Ocean's 8 Movie Review
The boys are gone and the girls are up to no good in Ocean’s 8, an entertaining heist film that more than adequately follows in its predecessors footsteps--even if it never quite matches the layered intelligence or sense of satisfaction won by George Clooney and crew.
After a couple of so-so Oceans sequels, recasting with women didn’t seem like enough of a reason to reboot the franchise. Unlike Ghostbusters, which swapped out nostalgia-laden characters with new ones and, frankly, just wasn't a very good movie, Ocean's 8 quickly establishes that this new movie isn't "just Ocean's Eleven with women." Director Gary Ross takes the reins and delivers a film that stylistically feels very similar to its Steven Soderbergh predecessors but offers a fresh spin and an array of amusing characters.
Sandra Bullock plays Danny Ocean’s sister, who has the same knack for complex heists and envisions a big payday if she and her crew (which includes Cate Blanchett, Mindy Kaling, Helena Bonham Carter, Rihanna, Sarah Paulson and someone who purposefully chose to name herself Awkwafina) are able to pull off a massive crime: stealing a $150-million necklace from an actress (Anne Hathaway) in the middle of the Met Ball.
There's also some subplot about getting revenge on the dude who sent her to prison.
Bullock is at the top of her game, but Ocean’s 8, like its predecessors, excels due to the cast’s chemistry. The women are clearly having fun, which in turn makes it easy for the audience to go along for the ride. Cate Blanchett doesn't get a lot to do, but exudes charisma every chance she has, while Awkwafina, while I can't take her name seriously, is a scene-stealer as a sassy pickpocket. As for Rihanna, I can't tell whether her characters plays to stereotype or against it, but she works well enough, and Kaling thankfully rebounds from her awful turn in A Wrinkle in Time earlier this year.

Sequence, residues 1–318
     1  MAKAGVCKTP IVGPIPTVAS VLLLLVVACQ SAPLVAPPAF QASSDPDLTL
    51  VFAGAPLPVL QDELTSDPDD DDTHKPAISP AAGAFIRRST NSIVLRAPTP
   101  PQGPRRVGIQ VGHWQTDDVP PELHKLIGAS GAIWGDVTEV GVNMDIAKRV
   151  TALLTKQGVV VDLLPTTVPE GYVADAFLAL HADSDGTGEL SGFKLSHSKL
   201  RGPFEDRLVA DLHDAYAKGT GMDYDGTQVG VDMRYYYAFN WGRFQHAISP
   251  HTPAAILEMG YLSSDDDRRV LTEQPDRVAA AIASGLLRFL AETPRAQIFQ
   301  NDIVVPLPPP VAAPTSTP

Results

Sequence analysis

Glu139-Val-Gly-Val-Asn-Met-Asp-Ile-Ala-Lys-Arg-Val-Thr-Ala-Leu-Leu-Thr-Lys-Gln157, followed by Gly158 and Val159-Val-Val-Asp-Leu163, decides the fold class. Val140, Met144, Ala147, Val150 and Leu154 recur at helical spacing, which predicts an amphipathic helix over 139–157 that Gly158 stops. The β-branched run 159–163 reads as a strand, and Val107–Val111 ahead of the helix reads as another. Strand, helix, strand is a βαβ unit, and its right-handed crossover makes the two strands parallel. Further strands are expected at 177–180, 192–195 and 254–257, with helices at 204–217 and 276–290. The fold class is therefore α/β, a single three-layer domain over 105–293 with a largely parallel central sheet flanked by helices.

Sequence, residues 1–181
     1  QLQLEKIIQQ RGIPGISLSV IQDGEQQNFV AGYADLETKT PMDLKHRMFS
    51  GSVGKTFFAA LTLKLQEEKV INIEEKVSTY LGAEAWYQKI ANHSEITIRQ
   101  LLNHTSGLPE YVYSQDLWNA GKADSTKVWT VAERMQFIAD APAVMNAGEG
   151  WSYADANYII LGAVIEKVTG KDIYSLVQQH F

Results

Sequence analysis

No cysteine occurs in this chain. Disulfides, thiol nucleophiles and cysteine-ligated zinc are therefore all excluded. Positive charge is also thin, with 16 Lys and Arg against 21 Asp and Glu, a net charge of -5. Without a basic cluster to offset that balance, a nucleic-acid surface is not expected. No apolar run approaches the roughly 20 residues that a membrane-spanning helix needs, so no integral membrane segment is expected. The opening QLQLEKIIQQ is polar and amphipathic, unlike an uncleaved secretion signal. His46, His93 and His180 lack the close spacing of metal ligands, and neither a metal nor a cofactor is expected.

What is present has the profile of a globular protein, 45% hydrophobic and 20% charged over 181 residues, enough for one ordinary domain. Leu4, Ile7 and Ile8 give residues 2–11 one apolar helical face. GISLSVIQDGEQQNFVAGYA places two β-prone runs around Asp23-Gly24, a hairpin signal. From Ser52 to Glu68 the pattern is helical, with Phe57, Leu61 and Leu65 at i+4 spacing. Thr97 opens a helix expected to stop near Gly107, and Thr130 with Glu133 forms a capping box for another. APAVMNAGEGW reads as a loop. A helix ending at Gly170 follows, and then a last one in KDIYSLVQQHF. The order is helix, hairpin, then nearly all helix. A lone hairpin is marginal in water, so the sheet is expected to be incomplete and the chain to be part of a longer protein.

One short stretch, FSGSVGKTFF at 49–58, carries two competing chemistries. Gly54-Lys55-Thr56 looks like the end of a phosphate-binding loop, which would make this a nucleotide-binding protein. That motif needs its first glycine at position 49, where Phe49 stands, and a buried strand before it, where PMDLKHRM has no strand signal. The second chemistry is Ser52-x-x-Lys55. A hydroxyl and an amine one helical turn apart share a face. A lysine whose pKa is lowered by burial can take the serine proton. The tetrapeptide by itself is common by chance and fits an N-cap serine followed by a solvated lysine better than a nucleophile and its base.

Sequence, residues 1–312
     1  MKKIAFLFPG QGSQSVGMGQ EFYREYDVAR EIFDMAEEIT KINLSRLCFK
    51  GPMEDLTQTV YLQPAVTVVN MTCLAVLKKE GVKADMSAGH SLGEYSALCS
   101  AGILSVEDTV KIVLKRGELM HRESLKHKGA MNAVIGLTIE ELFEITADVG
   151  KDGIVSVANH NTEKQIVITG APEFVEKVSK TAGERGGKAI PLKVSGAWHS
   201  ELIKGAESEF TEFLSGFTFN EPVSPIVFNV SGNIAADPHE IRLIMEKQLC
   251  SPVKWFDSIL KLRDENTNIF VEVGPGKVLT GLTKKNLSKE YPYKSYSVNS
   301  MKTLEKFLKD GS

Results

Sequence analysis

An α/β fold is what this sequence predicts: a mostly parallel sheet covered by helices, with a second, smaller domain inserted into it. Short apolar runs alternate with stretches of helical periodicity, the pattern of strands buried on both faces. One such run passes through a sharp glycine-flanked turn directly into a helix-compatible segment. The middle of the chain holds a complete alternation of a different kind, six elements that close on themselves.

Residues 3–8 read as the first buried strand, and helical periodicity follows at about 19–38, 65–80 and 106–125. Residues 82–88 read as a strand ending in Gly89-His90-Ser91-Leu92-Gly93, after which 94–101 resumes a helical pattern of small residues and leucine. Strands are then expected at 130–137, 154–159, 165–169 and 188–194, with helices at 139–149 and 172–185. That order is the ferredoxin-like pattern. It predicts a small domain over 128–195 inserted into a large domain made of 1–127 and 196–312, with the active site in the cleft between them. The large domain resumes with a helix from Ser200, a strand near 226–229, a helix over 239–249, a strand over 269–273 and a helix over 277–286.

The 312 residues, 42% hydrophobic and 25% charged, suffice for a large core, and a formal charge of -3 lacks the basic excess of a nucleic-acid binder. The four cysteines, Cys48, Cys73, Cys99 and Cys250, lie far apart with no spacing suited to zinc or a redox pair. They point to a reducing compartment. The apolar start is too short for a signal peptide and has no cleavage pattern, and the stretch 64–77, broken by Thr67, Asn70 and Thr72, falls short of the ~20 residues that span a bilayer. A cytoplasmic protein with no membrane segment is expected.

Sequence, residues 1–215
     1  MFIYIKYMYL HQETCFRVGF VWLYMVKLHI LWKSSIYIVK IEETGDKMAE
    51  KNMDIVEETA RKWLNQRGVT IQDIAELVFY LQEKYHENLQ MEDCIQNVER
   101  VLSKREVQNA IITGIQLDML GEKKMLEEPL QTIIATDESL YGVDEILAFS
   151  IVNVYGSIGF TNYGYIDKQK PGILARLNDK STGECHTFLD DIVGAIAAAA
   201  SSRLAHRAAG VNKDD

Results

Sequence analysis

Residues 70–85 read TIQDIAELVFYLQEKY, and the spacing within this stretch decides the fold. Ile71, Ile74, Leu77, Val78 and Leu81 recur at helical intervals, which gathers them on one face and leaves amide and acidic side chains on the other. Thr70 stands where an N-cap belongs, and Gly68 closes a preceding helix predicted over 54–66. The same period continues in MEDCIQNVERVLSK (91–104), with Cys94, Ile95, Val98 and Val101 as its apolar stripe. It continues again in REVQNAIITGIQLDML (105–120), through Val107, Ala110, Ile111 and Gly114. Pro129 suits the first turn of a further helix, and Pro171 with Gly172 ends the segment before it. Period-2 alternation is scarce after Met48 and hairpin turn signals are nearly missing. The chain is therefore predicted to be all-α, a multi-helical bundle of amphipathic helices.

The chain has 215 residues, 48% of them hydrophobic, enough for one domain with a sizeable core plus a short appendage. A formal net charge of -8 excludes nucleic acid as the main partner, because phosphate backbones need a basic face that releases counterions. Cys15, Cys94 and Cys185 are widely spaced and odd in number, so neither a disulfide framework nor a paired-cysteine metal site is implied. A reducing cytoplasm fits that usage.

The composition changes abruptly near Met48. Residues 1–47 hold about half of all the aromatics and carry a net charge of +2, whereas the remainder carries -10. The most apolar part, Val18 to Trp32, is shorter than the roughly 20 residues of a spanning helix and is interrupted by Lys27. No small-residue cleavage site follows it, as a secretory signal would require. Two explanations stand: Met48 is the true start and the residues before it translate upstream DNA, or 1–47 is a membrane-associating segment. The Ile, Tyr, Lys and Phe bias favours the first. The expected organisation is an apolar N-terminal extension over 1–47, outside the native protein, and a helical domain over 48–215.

As for Ross, he appears to have had fun behind the camera, too; the movie has a kinetic energy that thrives off its characters and ever-more-elaborate plot.
Where the movie falls a bit short is in its comparison to Ocean's Eleven. Any sequel or reboot should strive to be better, and Ocean's 8 doesn't entirely get there. The heist, while good, doesn't live up to the elaborate scheme put to film in 2001; it seemingly relies more on coincidences and conveniences, and the big twists don't land as well, either. The absence of a villain hurts as well; apparently, the bad guy is Bullock's former flame (played by Richard Armitage), but his entire role and subplot could have been excised in the editing room and we would never have noticed.
The movie never quite matches the Clooney “original,” but that’s just fine; it’s its own creature, not entirely beholden to what came before it. Despite a few shortcomings, Ocean’s 8 is an entertaining, funny, well-acted, and intelligent heist film that exceeds expectations.
Review by Erik Samdahl unless otherwise indicated.